March 6, 2015 / 7:08 PM / in 3 years

GSK sacks 110 China staff in wake of drug bribery case: sources

LONDON (Reuters) - Drugmaker GlaxoSmithKline (GSK.L), which was fined 3 billion yuan ($479 million) in China last year for bribery, is dismissing 110 employees in the country for misconduct, people familiar with the matter said on Friday.

A jogger runs past a signage for pharmaceutical giant GlaxoSmithKline (GSK) in London April 22, 2014. REUTERS/Luke MacGregor

The British company confirmed it had taken disciplinary action against staff whose conduct contravened its values and code of conduct but declined to specify the number involved. The misconduct took place before mid-2013, GSK added in a statement.

The dismissals follow detailed investigations into wrongdoing by employees in the wake of the corruption scandal, which badly damaged the drugmaker’s reputation and hit its business in a fast-growing emerging market.

“As we have previously said, we have increased our monitoring of expense claims and increased our compliance efforts. We also engaged an independent legal firm and external consultancies to review our operations in China,” GSK said.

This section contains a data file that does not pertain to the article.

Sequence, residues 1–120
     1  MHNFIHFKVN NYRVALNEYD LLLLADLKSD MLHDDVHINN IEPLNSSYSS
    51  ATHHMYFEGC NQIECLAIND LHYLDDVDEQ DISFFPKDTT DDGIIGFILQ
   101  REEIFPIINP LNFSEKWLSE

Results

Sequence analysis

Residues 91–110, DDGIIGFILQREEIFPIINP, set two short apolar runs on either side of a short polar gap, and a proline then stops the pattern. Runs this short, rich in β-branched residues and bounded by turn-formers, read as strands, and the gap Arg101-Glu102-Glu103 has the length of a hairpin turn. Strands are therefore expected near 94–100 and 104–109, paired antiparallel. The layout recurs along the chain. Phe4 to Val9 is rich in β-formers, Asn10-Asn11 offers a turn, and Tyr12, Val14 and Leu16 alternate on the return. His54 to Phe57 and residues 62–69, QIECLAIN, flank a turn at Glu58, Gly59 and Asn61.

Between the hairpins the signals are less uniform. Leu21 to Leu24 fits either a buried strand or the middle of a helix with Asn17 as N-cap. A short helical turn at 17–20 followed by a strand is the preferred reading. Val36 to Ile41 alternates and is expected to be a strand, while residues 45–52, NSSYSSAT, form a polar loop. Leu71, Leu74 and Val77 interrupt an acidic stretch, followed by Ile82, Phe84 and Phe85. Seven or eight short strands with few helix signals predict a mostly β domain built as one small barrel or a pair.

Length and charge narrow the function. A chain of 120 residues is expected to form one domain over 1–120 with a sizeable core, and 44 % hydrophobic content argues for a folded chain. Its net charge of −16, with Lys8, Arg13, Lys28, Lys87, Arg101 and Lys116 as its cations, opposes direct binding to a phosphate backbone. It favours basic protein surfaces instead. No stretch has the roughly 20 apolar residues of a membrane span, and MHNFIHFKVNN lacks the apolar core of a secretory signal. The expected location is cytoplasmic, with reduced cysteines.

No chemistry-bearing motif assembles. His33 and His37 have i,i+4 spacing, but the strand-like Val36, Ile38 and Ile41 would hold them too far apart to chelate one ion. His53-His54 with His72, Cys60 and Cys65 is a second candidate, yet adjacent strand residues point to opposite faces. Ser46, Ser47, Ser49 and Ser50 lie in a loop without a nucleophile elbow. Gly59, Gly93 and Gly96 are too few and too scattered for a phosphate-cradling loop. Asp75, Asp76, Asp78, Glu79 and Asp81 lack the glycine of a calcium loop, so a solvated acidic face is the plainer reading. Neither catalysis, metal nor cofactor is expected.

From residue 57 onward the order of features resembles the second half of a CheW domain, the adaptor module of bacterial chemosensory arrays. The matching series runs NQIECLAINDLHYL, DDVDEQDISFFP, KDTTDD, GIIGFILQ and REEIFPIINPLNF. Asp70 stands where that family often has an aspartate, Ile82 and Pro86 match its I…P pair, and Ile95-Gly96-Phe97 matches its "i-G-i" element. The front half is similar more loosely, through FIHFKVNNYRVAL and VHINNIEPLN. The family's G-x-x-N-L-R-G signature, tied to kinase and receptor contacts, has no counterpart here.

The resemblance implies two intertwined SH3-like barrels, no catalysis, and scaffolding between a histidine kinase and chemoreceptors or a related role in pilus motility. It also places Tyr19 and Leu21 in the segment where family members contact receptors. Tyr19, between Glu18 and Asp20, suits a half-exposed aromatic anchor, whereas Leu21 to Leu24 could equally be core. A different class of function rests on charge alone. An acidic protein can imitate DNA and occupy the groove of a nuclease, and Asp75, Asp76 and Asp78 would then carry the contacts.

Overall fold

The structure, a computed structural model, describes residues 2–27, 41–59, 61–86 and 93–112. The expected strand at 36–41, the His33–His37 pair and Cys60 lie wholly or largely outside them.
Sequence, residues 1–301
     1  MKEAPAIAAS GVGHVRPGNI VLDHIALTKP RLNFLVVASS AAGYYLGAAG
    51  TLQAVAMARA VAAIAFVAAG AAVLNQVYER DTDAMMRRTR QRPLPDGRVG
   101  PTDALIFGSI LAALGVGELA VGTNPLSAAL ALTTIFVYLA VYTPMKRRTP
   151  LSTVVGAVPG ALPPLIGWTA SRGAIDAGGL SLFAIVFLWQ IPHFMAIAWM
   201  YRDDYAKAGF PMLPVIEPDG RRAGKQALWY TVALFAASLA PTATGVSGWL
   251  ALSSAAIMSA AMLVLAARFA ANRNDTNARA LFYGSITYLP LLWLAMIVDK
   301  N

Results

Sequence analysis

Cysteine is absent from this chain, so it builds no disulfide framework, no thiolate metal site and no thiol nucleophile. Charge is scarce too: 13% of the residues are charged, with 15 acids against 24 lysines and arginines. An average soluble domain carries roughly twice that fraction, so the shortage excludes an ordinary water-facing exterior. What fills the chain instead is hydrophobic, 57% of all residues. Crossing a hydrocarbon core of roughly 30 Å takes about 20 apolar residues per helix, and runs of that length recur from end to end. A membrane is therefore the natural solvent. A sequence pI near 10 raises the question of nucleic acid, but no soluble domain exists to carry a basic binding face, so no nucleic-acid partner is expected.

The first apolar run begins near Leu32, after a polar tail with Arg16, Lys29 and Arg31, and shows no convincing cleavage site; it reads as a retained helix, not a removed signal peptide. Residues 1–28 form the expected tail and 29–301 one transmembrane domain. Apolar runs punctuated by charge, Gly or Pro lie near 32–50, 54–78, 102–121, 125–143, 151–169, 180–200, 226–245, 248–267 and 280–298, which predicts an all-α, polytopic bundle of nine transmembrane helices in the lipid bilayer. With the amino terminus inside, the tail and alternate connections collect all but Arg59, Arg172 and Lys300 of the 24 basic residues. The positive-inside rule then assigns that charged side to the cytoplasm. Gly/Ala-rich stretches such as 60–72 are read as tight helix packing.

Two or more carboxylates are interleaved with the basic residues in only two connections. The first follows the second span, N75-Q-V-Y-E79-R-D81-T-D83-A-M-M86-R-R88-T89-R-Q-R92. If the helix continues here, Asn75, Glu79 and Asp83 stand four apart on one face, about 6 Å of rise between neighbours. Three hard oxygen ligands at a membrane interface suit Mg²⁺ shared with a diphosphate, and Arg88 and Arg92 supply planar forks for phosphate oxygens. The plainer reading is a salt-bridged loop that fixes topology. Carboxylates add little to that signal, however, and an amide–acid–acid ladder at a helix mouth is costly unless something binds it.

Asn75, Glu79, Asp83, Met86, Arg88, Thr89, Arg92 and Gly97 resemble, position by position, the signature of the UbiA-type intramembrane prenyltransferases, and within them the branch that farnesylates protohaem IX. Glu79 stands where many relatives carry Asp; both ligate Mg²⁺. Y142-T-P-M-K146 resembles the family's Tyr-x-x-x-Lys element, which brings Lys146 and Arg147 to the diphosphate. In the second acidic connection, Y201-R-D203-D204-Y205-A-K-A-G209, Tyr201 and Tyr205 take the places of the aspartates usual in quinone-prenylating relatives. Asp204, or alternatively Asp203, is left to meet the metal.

“Where evidence of misconduct has been found, we take appropriate disciplinary action up to and including termination of employment.”

The company’s annual report, published last week, had already revealed that the number disciplinary cases against staff in China jumped to 652 in 2014 from 48 in 2013.

Chinese police first accused GSK of bribery in July 2013, alleging the firm had funneled as much as 3 billion yuan to travel agencies to facilitate bribes to doctors and officials.

The Chinese action highlights how regulators in the country are increasingly cracking down on corporate malpractice. GSK was issued with its record fine -- exactly the same amount as the alleged bribery -- in September 2014.

A court in the southern city of Changsha also handed suspended jail sentences to Mark Reilly, the former head of GSK in China, and four other GSK executives.

The case was the biggest corruption scandal to hit a foreign company in China since the Rio Tinto affair in 2009, which resulted in four executives, including an Australian, being jailed.

Editing by Mark Potter

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